LABOR AND EMPLOYMENT

Racial Discrimination/Disparate Treatment • Adverse Employment Action

Barnes v. Nationwide Mut. Ins. Co., PICS Case No. 14-0421 (E.D. Pa. Feb. 26, 2014) Brody, J. (7 pages).

Where an employee did not suffer any disciplinary action or significant change in her employment conditions as a result of disciplinary accusations alleged to have been motivated by the employee’s race, the employee could not establish a prima facie case of disparate treatment. Granted.

Plaintiff Tameka Barnes, an African-American female, was employed as a legal secretary in defendant Nationwide’s trial division office in Conshohocken, PA. Plaintiff later applied for and received a transfer to another branch office, commensurate with a raise.

Plaintiff alleged that the managing attorney of the Conshohocken office, Victor Verbeke, responsible for managing and supervising the entire office, singled out plaintiff for disciplinary complaints to plaintiff’s direct supervisor, based solely on plaintiff’s race. Plaintiff claimed that Verbeke accessed plaintiff’s individual folder on the company f-drive to discover personal documents in violation of company policy, monitored and listened to plaintiff’s phone calls to discover personal usage in violation of company policy, complained about plaintiff’s work errors, and recorded plaintiff’s departure and arrival times from work. Both plaintiff and plaintiff’s direct supervisor believed that Verbeke was deliberately attempting to find evidence against plaintiff as a pretense to fire her, and that plaintiff was singled out because of her race.

Plaintiff filed a disparate treatment action against defendant. Defendant filed a motion for summary judgment.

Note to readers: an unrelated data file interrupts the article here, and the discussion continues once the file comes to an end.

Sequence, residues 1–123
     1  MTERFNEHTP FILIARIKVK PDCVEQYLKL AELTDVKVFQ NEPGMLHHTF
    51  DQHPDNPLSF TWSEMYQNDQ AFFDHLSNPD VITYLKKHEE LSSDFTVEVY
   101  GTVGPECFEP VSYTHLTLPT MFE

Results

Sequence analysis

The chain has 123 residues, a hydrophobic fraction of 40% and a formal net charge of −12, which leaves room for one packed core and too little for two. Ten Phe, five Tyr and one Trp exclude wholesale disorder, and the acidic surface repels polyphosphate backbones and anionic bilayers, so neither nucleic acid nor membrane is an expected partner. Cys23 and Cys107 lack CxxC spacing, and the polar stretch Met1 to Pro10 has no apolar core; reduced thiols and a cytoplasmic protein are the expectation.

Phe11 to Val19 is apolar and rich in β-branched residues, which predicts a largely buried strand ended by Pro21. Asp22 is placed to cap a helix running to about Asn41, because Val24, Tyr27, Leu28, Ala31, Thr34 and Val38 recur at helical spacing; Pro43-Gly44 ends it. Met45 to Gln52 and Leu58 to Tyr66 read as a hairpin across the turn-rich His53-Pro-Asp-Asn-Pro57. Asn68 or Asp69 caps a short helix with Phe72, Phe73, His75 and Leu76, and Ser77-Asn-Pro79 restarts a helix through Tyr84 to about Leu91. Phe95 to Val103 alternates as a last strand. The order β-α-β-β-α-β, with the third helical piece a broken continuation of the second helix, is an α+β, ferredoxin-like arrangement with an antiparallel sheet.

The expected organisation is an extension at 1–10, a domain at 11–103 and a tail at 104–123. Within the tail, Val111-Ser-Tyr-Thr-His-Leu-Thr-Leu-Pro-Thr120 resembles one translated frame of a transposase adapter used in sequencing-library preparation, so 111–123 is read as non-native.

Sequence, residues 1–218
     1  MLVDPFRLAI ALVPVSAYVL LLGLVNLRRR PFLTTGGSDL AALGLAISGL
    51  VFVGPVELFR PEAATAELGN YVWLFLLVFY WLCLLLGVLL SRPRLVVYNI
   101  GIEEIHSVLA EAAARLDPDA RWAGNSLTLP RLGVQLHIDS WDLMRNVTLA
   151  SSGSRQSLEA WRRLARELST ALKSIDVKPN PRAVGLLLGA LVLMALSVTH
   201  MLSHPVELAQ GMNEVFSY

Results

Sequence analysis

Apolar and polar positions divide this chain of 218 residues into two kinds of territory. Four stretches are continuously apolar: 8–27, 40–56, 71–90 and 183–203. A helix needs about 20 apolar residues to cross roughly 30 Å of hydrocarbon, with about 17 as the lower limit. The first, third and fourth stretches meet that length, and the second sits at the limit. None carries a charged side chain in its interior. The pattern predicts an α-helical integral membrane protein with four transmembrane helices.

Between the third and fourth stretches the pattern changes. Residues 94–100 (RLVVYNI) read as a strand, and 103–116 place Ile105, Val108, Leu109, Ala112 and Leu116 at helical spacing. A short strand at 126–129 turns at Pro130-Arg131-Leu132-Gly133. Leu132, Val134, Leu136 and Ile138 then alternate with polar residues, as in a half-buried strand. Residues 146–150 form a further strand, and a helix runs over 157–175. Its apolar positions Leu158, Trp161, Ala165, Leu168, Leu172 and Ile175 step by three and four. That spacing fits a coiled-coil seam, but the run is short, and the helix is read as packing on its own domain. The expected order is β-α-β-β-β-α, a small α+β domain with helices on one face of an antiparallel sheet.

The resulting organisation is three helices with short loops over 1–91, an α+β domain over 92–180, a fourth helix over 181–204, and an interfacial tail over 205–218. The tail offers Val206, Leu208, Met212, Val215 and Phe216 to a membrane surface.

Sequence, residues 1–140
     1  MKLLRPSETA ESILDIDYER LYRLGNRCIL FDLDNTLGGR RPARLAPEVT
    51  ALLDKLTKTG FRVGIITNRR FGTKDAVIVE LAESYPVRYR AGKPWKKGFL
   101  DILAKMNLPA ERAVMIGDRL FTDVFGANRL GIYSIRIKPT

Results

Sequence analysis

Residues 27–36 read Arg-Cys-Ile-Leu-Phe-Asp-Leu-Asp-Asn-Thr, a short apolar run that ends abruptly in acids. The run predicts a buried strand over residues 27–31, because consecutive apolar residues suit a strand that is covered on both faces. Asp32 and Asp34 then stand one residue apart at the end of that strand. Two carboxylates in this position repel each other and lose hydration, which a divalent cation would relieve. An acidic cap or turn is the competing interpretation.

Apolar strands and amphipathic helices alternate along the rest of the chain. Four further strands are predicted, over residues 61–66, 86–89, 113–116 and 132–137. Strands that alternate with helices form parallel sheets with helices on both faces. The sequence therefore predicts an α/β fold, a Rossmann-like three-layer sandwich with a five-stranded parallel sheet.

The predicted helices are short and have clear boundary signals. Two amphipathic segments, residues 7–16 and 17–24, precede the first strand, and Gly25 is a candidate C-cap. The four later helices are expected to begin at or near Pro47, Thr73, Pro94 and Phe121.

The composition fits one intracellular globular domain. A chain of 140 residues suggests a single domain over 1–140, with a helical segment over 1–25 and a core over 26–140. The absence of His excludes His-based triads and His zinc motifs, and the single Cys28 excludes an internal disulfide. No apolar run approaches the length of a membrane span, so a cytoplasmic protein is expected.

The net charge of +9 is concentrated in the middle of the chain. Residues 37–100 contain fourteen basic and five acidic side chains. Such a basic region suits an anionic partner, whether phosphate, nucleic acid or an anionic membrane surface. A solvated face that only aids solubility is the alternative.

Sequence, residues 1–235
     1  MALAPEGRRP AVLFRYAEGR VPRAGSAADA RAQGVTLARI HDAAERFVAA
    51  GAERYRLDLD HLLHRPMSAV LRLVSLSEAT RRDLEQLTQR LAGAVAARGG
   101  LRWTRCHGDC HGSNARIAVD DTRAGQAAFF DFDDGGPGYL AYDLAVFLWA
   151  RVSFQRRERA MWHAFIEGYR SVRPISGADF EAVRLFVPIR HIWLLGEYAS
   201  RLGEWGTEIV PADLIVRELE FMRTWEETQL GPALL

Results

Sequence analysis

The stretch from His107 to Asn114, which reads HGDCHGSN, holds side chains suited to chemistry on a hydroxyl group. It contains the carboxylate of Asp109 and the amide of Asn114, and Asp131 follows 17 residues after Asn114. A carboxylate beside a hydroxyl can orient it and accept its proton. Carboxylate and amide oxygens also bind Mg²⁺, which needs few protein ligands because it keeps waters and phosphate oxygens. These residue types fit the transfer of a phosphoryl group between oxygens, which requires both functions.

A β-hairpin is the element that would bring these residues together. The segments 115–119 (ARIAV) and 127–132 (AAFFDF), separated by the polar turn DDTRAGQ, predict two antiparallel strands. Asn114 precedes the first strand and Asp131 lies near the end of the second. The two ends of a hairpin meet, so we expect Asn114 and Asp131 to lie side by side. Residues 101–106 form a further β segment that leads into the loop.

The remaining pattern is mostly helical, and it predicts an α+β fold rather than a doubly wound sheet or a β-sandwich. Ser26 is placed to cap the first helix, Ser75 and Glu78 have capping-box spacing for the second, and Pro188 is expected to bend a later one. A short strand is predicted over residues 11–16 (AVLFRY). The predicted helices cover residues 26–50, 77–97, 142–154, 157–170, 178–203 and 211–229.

In granting defendant’s motion, the court noted the elements of a prima facie case for disparate treatment: plaintiff had to be a member of a protected class, had to be qualified for the position sought or attained, had to suffer an adverse employment action, and the action had to occur under circumstances that gave rise to the inference of intentional discrimination. Specifically, defendant argued that plaintiff failed to allege that she suffered an adverse employment action.

The court further noted that an adverse employment action had to be a significant change in employment status, such as hiring, firing, failing to promote, reassignment with significantly different responsibilities, a significant change in benefits, a decrease in earning potential, or significant disruption in working conditions.

The court found that despite Verbeke’s disciplinary accusations, plaintiff was never subject to disciplinary action, nor were the accusations ever mentioned on plaintiff’s performance reviews, which were continuously favorable. And when plaintiff applied for a transfer, she received it along with a raise.

Accordingly, the court held that, although plaintiff genuinely believed she was treated unfairly as a result of her race, that treatment was not actionable because she did not suffer an adverse employment action, and therefore could not make a prima facie case for disparate treatment.